Wednesday, June 24, 2009

Bus Report #431

Two blasts from the past in two days. Consider my mind boggled.

Yesterday was a tough day, and my ride home was spent dozing against the window of the 22 and then sitting squashed up against a very large guy on the 2 Clement. I listened to the latest episode of Radio Lab (so great! Check it out!), and tuned out everyone around me.
As we came into the stop at 10th avenue, I glanced over at the donut shop. I wasn’t expecting to see anyone I knew. I wanted to see the Alien Donut Man, but its been at least 2 months since I last saw him and I was once again starting to worry about him.
But there he was, sitting ramrod straight in his usual seat, wearing his blue parka, his white hair looking whiter than white, making his tan skin look darker than usual. I stared at him through the window and I swear he saw me, across the street and sitting on the far side of the bus.

Tonight I was catching up with The Teacher’s Pet in Potrero. We were talking and having a snack when I caught sight of a familiar figure walking past our window.
I scrambled to turn in my seat. “It’s the Handsome South Asian Chef!” I told The Teacher’s Pet. “I can’t believe it!”
He looked older and shaggier, but healthy. He wore a baseball hat, but I couldn’t decipher the logo. He walked slowly, a loaf of bread tucked under his arm.
We watched him head up the street. I was glad I saw him.
He’s still got amazing eyes.

On my way home, I took the 22. I had my music on, loud. Most of the people who got on before Mission looked like they were going home from work. It was a quiet bus. Lots of people playing with their igadgets. One woman read a paperback copy of Blindness. Her hair fell across her face as she bent over her book.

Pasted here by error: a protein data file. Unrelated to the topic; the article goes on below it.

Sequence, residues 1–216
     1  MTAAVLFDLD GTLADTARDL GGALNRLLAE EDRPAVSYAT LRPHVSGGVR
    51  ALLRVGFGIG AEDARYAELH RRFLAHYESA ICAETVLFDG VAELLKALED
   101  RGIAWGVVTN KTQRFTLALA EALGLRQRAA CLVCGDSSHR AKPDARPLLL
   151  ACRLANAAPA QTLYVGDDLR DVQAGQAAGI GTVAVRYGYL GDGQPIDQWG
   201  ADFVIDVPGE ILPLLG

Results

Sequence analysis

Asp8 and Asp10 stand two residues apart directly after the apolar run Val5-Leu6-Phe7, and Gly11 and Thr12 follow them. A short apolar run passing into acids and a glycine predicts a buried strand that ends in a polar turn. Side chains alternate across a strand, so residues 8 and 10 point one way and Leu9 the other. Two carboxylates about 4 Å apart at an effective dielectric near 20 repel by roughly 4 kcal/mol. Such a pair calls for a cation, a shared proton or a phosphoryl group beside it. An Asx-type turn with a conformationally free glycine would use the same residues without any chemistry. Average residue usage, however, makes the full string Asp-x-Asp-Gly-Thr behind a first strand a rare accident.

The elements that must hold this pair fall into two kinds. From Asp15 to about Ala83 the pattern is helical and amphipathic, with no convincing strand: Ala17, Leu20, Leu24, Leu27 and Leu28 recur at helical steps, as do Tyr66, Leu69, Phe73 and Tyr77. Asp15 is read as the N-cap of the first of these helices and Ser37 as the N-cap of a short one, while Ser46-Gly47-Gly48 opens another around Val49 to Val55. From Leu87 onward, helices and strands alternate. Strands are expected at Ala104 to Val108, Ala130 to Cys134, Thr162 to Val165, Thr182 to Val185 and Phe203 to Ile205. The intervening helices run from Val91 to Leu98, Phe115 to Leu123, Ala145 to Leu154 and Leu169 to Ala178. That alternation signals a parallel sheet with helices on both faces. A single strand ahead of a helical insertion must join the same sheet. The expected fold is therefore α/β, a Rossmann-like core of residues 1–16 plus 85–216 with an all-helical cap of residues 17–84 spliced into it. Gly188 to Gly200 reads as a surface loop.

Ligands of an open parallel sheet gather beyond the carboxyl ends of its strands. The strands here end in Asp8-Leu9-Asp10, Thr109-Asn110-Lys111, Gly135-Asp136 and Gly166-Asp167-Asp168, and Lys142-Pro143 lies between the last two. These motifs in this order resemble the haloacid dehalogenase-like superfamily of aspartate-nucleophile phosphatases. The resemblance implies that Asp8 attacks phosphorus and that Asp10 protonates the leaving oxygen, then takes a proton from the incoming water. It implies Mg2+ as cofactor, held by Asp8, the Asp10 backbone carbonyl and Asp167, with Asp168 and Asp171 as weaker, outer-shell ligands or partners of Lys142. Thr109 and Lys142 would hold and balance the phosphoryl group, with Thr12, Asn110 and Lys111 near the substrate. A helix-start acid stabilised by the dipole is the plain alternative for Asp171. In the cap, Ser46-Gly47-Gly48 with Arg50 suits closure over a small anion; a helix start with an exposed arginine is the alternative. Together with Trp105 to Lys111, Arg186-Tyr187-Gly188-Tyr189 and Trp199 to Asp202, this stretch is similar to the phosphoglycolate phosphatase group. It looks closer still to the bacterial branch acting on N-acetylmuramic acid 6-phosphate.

A boy with a skateboard got on and stood near the stepwell, moving out of the way to let people get past him. He looked so familiar: I realized he looked like an old family friend, but about 40 years younger. A man in hospital scrubs sat next to me, clutching his briefcase.
A British tourist family got on at McAllister (show of hands: who thinks they were sightseeing in Alamo Square Park?): a mother and father and three daughters, one of whom was probably in her late teens early twenties and two younger girls, one maybe eleven or twelve and one about eight. The older of the two pre-teen daughters was wearing a baseball cap. A boy got on through the back door. He wore the usual teen boy uniform: baggy, beltless jeans, huge T-shirt and backwards baseball cap. The younger of the two tourist daughters looked at the boy then looked at her sister. She took her sister’s hat off and turned it around so it was backwards, then she plunked it back onto her sister’s head. I smiled.


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